Tech investors have identified several large-cap stocks in the pharmaceutical industry that show great potential for growth. While opinions may vary, one standout company is Vertex Pharmaceuticals.
Veteran analyst David Risinger is optimistic about Vertex’s future. In a recent note, he revised his price target for Vertex shares upward by 10% to $442, representing a significant 20% increase from the current price of $365. Risinger is particularly interested in a pain relief drug currently being tested by Vertex and has given the company’s shares an Outperform rating.
Vertex Pharmaceuticals, headquartered in San Diego, has established itself as a leader in treating the inherited disorder known as cystic fibrosis, generating nearly $10 billion in annual sales. Additionally, the company is on the verge of receiving approval for a groundbreaking gene-editing treatment, developed in collaboration with Crispr Therapeutics, aimed at red blood cell disorders such as sickle cell disease.
According to Risinger, many large-cap biopharma companies are expected to face patent expiration issues in the coming years. However, Vertex’s cystic fibrosis products are protected until at least the mid-2030s, and the company has a robust pipeline of drugs currently in development.
Vertex’s success has not gone unnoticed in the investment community. The company’s stock has risen by 25% this year, outpacing the 18% gain of the S&P 500 index. With a market capitalization exceeding $90 billion, Vertex has garnered a significant following.
Risinger believes that Vertex’s stock will experience further growth once investors fully comprehend the potential of its pain relief franchise. This heightened recognition is anticipated to occur towards the end of the year, coinciding with the release of clinical trial results for Vertex’s innovative nonnarcotic pain medication known as VX-548.
Under the codename VX-548, this promising drug blocks pain signals in the peripheral nerves without affecting the central nervous system. Its mechanism of action is similar to that of the topical drug lidocaine, although lidocaine can impact the heart when taken internally. VX-548, on the other hand, appears to be safe for oral administration and does not carry the addiction risk associated with opioids due to its lack of impact on the brain.
Vertex’s Pain Drug: A Promising Breakthrough in Pain Therapy
Vertex is leading the way in pain therapy with its groundbreaking pain drug. The company is currently sponsoring two large Phase 3 trials to evaluate the drug’s efficacy in surgeries to remove bunions and tummy-tucks, which are common cosmetic procedures. In addition, they are also conducting Phase 2 studies to assess the drug’s potential in treating peripheral neuropathy—a painful condition affecting the nerves in the hands and feet.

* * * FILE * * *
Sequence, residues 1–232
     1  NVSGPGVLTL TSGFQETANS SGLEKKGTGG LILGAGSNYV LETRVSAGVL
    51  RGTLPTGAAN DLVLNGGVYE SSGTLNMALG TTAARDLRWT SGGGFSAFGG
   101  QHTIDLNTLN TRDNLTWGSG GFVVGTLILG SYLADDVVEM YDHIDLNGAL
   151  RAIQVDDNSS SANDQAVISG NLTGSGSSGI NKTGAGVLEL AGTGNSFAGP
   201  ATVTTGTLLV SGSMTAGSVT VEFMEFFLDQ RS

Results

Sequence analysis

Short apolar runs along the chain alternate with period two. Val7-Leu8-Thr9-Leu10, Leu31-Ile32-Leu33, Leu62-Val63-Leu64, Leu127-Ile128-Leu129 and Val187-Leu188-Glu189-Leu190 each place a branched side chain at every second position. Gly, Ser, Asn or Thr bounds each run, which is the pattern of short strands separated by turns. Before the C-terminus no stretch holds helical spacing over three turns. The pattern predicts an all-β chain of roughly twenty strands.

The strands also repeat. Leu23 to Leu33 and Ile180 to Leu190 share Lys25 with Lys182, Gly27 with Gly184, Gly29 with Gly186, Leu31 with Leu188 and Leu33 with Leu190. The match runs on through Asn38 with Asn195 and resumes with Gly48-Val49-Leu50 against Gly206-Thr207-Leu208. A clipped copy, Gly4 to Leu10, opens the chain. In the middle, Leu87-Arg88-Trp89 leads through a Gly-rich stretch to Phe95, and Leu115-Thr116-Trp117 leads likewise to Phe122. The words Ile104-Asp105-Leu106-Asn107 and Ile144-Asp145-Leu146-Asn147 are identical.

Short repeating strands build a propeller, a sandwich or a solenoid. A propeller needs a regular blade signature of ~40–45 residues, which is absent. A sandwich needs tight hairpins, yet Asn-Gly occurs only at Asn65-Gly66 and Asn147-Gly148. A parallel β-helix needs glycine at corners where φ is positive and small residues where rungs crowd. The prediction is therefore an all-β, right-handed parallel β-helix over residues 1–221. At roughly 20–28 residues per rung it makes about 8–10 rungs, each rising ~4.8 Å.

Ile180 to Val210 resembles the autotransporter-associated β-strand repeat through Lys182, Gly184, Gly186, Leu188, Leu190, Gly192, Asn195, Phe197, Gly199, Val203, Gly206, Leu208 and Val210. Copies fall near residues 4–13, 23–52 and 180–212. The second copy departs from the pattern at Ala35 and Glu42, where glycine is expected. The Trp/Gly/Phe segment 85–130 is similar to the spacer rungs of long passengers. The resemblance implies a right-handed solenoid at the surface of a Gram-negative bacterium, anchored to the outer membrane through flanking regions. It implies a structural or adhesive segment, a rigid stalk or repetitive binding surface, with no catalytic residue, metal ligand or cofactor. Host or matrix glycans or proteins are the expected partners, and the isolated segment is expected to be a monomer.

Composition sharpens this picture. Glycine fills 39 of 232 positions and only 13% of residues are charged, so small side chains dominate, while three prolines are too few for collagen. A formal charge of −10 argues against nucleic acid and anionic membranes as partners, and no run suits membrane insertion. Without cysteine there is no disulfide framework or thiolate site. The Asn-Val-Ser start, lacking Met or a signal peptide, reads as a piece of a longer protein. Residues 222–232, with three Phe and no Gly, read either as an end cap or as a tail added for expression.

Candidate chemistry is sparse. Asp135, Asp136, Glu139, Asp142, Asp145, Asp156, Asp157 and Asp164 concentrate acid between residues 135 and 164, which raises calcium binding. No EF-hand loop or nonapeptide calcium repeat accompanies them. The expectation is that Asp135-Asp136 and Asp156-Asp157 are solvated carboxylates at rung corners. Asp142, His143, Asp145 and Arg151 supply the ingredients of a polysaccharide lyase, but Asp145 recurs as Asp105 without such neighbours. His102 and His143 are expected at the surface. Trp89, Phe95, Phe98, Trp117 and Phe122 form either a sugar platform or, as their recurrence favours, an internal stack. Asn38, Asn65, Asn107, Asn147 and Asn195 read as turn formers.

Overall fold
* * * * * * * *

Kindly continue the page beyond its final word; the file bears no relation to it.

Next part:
Although the history of pain therapy has been marked by disappointments, Vertex’s pain drug has shown great promise. However, some investors remain skeptical due to the industry’s track record of failed attempts at developing nonaddictive painkillers. Furthermore, there are concerns regarding whether insurers will be willing to cover the costs of this expensive branded pain drug when cheaper generic opioids and other neurology drugs are readily available.
Nevertheless, experts like Risinger believe that insurers will support Vertex’s non-opioid product due to political and public relations pressures. Risinger projects that as Vertex’s product gains traction and replaces opioid prescriptions, the company could generate annual revenue of $5 billion by 2032. This substantial growth would contribute to Vertex’s overall sales, projected to increase from $9.8 billion this year to an impressive $23 billion by 2032. Such figures justify Risinger’s raised expectations and his confident price target, representing 29-times his forecast for this year’s earnings. Additionally, when factoring in Vertex’s $42 per share in cash, Risinger claims that its valuation becomes more reasonable.
Referring back to Lilly’s success last summer, where investors who initially thought the stock was expensive ended up missing out on substantial gains, Risinger draws parallels with Vertex. He sees Vertex as another stock on the cusp of significant growth.